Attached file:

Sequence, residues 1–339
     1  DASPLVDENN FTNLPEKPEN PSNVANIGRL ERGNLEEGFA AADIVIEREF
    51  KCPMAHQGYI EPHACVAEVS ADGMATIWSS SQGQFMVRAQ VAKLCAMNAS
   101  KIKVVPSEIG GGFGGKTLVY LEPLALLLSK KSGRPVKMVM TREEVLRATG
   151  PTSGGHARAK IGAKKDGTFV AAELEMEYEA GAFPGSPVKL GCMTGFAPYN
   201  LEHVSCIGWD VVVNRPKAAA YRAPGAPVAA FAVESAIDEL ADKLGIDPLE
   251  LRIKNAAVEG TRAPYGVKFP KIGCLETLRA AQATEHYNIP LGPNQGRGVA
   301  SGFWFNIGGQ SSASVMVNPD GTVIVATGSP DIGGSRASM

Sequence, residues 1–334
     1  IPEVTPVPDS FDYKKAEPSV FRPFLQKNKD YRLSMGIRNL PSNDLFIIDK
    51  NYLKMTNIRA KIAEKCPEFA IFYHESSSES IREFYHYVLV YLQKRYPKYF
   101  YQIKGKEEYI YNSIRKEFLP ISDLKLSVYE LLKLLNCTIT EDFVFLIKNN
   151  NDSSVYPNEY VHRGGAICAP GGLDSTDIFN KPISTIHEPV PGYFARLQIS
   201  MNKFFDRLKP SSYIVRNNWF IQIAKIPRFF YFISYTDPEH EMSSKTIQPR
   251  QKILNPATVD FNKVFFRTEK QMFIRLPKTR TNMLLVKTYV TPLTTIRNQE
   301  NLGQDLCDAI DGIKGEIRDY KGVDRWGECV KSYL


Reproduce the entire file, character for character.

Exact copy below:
Sequence, residues 1–339
     1  DASPLVDENN FTNLPEKPEN PSNVANIGRL ERGNLEEGFA AADIVIEREF
    51  KCPMAHQGYI EPHACVAEVS ADGMATIWSS SQGQFMVRAQ VAKLCAMNAS
   101  KIKVVPSEIG GGFGGKTLVY LEPLALLLSK KSGRPVKMVM TREEVLRATG
   151  PTSGGHARAK IGAKKDGTFV AAELEMEYEA GAFPGSPVKL GCMTGFAPYN
   201  LEHVSCIGWD VVVNRPKAAA YRAPGAPVAA FAVESAIDEL ADKLGIDPLE
   251  LRIKNAAVEG TRAPYGVKFP KIGCLETLRA AQATEHYNIP LGPNQGRGVA
   301  SGFWFNIGGQ SSASVMVNPD GTVIVATGSP DIGGSRASM

Sequence, residues 1–334
     1  IPEVTPVPDS FDYKKAEPSV FRPFLQKNKD YRLSMGIRNL PSNDLFIIDK
    51  NYLKMTNIRA KIAEKCPEFA IFYHESSSES IREFYHYVLV YLQKRYPKYF
   101  YQIKGKEEYI YNSIRKEFLP ISDLKLSVYE LLKLLNCTIT EDFVFLIKNN
   151  NDSSVYPNEY VHRGGAICAP GGLDSTDIFN KPISTIHEPV PGYFARLQIS
   201  MNKFFDRLKP SSYIVRNNWF IQIAKIPRFF YFISYTDPEH EMSSKTIQPR
   251  QKILNPATVD FNKVFFRTEK QMFIRLPKTR TNMLLVKTYV TPLTTIRNQE
   301  NLGQDLCDAI DGIKGEIRDY KGVDRWGECV KSYL